GAO recommends reimbursement of the reasonable costs of filing and pursuing protest challenging the agency’s technical evaluation and tradeoff decision where protest of the agency’s assessment of a weakness was clearly meritorious and the agency unduly delayed taking corrective action. Reimbursement is also recommended as to other protest grounds relating to evaluation of the same technical evaluation factor that are intertwined with, and thus not severable from, the clearly meritorious protest ground.
Odyssey Systems Consulting Group, Ltd., a small business of Wakefield, Massachusetts, requests that we recommend the firm be reimbursed its reasonable costs of pursuing its protest. Odyssey challenged the issuance of a task order to Millennium Engineering and Integration, LLC, by the General Services Administration (GSA), Federal Acquisition Service, under task order request for proposals (RFP) No. 47QFPA21R0009, which was issued for advisory and assistance services. The protester alleged that Millennium improperly certified its small business status and that the agency improperly awarded the task order to Millennium knowing that it was not an eligible small business. The protester further argued that the agency unreasonably evaluated Odyssey’s proposal, unequally evaluated offerors, improperly waived page limitations for the awardee, and failed to perform a proper best-value tradeoff. After our Office advised the parties at an outcome prediction alternative dispute resolution (ADR) conference that GAO would likely sustain the protest, GSA stated that it would take corrective action, and we dismissed the protest as academic.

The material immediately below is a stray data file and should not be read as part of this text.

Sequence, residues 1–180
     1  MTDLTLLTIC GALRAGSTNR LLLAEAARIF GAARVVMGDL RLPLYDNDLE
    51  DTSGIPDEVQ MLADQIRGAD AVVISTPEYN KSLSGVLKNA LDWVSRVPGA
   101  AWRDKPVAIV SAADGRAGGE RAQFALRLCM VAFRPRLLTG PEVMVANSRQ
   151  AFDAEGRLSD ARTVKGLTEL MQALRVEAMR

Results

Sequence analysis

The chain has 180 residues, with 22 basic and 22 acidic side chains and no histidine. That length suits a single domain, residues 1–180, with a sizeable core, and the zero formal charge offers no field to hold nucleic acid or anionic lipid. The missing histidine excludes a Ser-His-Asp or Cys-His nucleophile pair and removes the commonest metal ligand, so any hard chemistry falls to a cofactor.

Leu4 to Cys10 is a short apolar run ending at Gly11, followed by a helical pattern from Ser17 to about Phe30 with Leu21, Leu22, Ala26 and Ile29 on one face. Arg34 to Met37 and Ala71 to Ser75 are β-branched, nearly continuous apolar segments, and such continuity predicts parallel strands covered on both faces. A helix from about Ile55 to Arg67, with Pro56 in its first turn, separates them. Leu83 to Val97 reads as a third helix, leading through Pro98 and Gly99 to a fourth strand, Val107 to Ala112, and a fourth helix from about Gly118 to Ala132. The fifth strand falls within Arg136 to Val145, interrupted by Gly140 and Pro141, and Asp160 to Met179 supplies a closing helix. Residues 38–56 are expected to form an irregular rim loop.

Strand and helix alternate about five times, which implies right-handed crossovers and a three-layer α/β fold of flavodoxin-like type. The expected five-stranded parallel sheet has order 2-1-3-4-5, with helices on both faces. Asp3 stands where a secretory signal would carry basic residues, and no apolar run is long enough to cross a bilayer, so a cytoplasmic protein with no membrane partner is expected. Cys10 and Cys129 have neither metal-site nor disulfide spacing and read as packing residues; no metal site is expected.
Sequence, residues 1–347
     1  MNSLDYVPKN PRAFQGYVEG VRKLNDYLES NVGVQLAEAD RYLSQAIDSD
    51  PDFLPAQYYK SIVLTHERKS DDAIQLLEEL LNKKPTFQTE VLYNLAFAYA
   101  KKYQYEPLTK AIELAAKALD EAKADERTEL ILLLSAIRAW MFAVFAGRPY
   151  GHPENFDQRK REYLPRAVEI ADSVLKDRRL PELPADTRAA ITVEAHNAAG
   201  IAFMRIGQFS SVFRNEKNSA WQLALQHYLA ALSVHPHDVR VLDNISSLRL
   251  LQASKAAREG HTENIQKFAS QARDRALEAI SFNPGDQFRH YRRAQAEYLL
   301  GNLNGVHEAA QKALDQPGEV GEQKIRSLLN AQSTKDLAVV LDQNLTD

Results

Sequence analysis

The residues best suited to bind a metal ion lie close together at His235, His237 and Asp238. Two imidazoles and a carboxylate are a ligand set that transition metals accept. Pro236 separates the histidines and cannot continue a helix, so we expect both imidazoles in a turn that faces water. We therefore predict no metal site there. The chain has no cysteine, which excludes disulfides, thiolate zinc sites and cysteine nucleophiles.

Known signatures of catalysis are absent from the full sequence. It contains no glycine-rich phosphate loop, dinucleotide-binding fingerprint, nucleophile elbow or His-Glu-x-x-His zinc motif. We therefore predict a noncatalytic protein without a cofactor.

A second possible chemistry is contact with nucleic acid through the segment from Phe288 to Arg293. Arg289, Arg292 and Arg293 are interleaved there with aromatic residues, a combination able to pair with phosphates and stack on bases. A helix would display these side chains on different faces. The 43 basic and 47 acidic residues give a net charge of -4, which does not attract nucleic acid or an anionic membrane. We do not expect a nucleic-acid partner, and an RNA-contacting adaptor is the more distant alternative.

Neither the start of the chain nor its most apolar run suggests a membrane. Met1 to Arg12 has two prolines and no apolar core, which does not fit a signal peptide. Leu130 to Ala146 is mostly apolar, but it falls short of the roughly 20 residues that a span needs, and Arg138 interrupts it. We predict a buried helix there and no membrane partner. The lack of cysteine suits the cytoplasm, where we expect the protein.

The request is granted in part and denied in part.